Images taken by NASA’s Mars Reconnaissance Orbiter (MRO) spacecraft revealed a 4-billion-year-old deposit of an ancient Martian lake located in Eridania, a region on the southern side of the planet. Researchers believe extraterrestrial life may have emerged there once and that underwater volcanoes led to the formation of minerals collecting on the bottom of the seafloor.
Published in the journal Nature Communications, the new study adds more evidence of yet another wet environment that once existed on Mars. Others include rivers, lakes, hot springs, seas, deltas, and groundwater, as well as volcanic eruptions beneath the ice.
Today, neither standing water nor volcanic activity can be found on the red planet. However, NASA scientists believe that what are thought to be remnants of ancient underwater volcanoes may have provided favorable conditions for simple organisms to emerge.
Paul Niles of Nasa’s Johnson Space Centre said in a written statement that the newly-discovered site suggests the existence of a deep-sea hydrothermal environment precisely 3.7 billion years ago.
Observations by MRO’s Compact Reconnaissance Spectrometer for Mars (CRISM) allowed the researchers to identify minerals in large deposits within Eridania, a region with some of Mars’ most ancient exposed crust. The team calculated that the ocean held about 50,000 cubic miles or 210,000 cubic km of water.
The amount of water contained in the ancient Eridania is nine times larger than all of North America’s Great Lakes combined. It is also equivalent to all other lakes and seas contained on ancient Mars. The researchers observed lava flows that occurred after the sea disappeared.
Martian ancient ocean could help understand the origin of life on Earth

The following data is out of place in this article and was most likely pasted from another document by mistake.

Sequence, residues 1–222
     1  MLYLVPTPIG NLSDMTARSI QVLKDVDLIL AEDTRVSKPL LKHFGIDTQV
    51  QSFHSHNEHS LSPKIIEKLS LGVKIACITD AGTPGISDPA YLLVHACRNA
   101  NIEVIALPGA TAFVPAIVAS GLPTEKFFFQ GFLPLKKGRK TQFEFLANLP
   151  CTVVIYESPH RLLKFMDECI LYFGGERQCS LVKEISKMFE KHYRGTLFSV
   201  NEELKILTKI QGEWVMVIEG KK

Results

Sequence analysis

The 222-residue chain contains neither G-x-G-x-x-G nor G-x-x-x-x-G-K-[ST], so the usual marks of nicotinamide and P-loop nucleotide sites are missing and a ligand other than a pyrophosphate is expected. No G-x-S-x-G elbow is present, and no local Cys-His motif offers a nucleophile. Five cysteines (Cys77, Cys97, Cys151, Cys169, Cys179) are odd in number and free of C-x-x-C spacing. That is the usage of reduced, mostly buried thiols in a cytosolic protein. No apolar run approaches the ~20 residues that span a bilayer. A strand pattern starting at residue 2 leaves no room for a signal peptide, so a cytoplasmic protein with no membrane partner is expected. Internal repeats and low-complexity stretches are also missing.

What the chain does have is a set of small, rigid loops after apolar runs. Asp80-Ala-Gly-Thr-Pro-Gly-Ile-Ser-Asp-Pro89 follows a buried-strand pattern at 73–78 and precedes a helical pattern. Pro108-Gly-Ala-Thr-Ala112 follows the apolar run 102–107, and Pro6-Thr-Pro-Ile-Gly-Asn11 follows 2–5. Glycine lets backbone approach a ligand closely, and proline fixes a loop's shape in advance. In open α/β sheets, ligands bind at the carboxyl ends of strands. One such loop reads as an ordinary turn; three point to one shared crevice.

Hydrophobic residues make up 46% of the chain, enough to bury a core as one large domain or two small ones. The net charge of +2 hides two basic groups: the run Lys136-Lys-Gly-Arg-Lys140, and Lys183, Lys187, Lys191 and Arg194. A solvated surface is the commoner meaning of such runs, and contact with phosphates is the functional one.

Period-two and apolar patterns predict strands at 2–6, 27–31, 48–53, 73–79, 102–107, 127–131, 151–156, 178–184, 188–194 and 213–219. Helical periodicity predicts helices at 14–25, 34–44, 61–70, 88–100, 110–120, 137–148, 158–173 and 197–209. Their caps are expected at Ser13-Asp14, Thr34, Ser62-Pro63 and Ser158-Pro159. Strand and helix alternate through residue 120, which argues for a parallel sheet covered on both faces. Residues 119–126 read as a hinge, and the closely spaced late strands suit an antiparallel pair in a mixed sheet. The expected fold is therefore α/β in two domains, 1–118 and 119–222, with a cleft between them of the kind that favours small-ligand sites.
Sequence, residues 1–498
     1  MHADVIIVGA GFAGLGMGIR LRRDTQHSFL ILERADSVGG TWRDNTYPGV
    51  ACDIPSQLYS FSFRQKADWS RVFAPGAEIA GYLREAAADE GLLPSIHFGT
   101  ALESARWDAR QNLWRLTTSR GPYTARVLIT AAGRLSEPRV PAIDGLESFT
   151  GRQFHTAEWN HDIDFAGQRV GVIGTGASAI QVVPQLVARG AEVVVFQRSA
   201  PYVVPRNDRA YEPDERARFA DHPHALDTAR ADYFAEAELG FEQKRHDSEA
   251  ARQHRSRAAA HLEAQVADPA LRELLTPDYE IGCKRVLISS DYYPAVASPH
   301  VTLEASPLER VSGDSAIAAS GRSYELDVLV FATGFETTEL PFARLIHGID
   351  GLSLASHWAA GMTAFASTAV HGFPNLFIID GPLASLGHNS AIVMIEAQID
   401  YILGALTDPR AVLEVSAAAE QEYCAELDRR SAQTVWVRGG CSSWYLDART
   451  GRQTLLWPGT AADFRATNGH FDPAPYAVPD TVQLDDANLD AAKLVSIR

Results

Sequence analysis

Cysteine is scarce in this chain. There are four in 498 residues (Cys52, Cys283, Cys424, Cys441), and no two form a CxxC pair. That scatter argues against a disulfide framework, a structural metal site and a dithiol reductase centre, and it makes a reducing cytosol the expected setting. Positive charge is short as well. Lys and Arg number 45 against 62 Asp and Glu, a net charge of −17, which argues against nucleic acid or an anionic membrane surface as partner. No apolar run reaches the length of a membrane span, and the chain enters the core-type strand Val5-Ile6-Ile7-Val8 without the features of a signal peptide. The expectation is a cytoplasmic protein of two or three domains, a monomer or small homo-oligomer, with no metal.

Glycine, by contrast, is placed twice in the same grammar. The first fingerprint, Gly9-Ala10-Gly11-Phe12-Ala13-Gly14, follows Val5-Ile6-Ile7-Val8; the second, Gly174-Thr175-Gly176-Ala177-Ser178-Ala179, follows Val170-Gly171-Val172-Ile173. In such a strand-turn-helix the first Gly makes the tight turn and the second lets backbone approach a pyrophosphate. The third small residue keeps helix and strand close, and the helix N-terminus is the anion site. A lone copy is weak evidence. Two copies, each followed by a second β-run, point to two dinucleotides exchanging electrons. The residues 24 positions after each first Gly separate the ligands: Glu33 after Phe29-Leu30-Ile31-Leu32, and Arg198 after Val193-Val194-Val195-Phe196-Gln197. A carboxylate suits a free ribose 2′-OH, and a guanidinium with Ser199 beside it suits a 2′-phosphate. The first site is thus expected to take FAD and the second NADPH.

Thanks to the spectrometer data, they were able to identify serpentine, talc and carbonate, among other minerals. This evidence, along with the shape and texture observed in the thick bedrock layers, led the experts to conclude that hydrothermal deposits may have existed on the seafloor.
“It is evocative of the deep-sea hydrothermal environments on Earth, similar to environments where life might be found on other worlds, life that doesn’t need a nice atmosphere or temperate surface, but just rocks, heat and water,” explained Niles, as quoted by The Daily Mail.
It is believed that similar undersea hydrothermal environments led to the origin of early life on Earth at about the same time. A wide variety of earthly organisms still emerge on chemical energy extracted from rocks even in remote areas where the sunlight cannot reach. Icy moons like Enceladus at Saturn and Europa at Jupiter are good candidates to search for alien life because there may host undersea hydrothermal activity.
Titled “Ancient hydrothermal seafloor deposits in Eridania basin on Mars,” the new study allows scientists to learn a lot from the type of conditions that led to early life on Earth. The findings can represent a success even if they fail to find evidence that the red planet was once home to any form of living organisms.
Source: The Daily Mail